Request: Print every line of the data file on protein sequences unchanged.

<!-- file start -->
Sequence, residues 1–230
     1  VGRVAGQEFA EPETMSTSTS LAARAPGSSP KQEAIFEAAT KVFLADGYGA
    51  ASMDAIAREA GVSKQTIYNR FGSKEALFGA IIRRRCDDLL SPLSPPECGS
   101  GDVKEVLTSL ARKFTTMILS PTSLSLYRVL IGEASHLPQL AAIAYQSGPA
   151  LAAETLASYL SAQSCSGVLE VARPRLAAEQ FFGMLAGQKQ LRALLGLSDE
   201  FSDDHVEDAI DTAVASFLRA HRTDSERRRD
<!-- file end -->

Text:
Sequence, residues 1–230
     1  VGRVAGQEFA EPETMSTSTS LAARAPGSSP KQEAIFEAAT KVFLADGYGA
    51  ASMDAIAREA GVSKQTIYNR FGSKEALFGA IIRRRCDDLL SPLSPPECGS
   101  GDVKEVLTSL ARKFTTMILS PTSLSLYRVL IGEASHLPQL AAIAYQSGPA
   151  LAAETLASYL SAQSCSGVLE VARPRLAAEQ FFGMLAGQKQ LRALLGLSDE
   201  FSDDHVEDAI DTAVASFLRA HRTDSERRRD